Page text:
Mike McCurry, the White House spokesman, said that printed and broadcast accusations that the White House or President Clinton’s lawyers had hired private investigators to scrutinize the president’s critics were “blatant lies.”
The “blatant lie” (or, conceivably but hardly likely, an ignorant one) was in what McCurry claimed, as former Clinton adviser Dick Morris related in sworn grand jury testimony in 1998:
In an eerie parallel to Watergate, a former adviser has testified that the Clinton White House assembled a team of private eyes to investigate ‘enemies’ of the president.
It will get him in far more trouble than the sex ever would. The “it” in question: Political espionage and the use of gumshoes to investigate Bill Clinton’s enemies — from bimbos to Kenneth Starr’s prosecutors and critical lawmakers. …
Former Clinton campaign adviser Dick Morris says yes. In testimony before the Monica Lewinsky grand jury in August, Morris was questioned about sleuths Terry Lenzner, the head of Investigative Group International, or IGI, and San Francisco-based gumshoe Jack Palladino. …
The fact is that the media environment heavily favored the Clintons in 1998, and that today’s environment should — repeat, should — be more difficult for Obama.
In 1998, Clinton had the establishment press predominantly on his side. His opposition came from talk radio, conservative pundits, conservative forums like FreeRepublic, and indirectly from media critics like the Media Research Center and Accuracy In Media. The investigative tools available, though they seemed impressive at the time, were relatively primitive and still in development.
In 2013, Obama doesn’t just have the establishment press on his side; he has them in his pocket. The real puppets in this story aren’t the recipients of Team Obama’s flood of emails and social media efforts. No, they’re people like VandeHei and Allen who feel it’s more productive to whine than it to get off their butts and do something about it. But, in my view, they don’t really want to do anything about it, so whining about the great and powerful Obama provides them the needed excuse for their negligence.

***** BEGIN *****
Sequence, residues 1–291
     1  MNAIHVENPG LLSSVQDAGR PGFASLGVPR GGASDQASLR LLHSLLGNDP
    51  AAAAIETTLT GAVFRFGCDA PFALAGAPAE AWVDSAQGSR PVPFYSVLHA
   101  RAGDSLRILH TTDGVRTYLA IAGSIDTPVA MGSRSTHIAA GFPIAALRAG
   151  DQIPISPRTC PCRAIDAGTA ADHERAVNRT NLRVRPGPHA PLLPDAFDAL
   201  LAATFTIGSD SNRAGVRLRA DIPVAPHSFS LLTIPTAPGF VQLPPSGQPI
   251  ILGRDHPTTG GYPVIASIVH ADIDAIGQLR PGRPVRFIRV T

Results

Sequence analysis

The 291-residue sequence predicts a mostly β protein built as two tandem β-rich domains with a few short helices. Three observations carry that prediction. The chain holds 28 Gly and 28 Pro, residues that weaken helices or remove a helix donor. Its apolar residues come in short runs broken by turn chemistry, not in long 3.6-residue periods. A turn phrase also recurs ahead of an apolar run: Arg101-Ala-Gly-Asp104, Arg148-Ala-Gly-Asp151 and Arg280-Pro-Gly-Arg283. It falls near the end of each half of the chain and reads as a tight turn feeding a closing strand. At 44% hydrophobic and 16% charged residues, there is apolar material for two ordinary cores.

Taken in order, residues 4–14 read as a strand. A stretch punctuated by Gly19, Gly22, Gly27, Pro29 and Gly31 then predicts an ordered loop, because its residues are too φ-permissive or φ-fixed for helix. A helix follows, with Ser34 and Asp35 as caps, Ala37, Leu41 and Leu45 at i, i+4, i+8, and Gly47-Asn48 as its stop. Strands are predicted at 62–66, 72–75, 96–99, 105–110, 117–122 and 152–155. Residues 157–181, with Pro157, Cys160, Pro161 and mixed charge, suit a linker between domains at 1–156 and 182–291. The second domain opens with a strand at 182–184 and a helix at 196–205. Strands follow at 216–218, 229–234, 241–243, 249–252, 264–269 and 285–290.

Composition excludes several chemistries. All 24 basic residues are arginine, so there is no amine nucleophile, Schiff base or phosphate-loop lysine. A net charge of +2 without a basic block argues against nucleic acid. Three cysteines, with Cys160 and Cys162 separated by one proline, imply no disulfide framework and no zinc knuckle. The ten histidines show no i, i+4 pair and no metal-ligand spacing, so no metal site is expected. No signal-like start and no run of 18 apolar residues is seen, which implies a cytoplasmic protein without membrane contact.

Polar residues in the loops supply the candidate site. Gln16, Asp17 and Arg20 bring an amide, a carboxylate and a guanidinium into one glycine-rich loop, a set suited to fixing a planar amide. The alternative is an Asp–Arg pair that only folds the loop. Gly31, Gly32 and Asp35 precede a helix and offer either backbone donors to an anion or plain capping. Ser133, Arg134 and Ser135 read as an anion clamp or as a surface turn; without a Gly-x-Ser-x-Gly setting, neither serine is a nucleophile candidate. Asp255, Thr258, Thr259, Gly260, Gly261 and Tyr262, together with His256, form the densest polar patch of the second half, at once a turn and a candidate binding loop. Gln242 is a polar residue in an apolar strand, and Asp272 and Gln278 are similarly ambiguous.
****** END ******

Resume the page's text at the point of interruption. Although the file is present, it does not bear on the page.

The press’s willingness to become Obama and Democratic Party lapdogs has grown in nearly direct proportion to the growth of Fox News, center-right blogs and forums, and the Tea Party movement. The tools the establishment press could be using to investigate goings-on in the Obama administration are far more powerful, and their ability to break news instantly has increased.
Even absent the tools, nobody is forcing the lapdog press to tell us that the economy is acceptable and getting better when it isn’t. Nobody forced the press to turn PolitiFact into a de facto propaganda arm of the administration and the left and then franchise the fraud to multiple outlets around the country. Nobody is forcing the press to concentrate on trivialities like Marco Rubio’s water bottle at the expense of investigating Benghazi.
No, they’re doing this to themselves, for the most part gladly and willingly.
Memo to VandeHei and Allen: Can the whine, guys. And for heaven’s sake, get to work.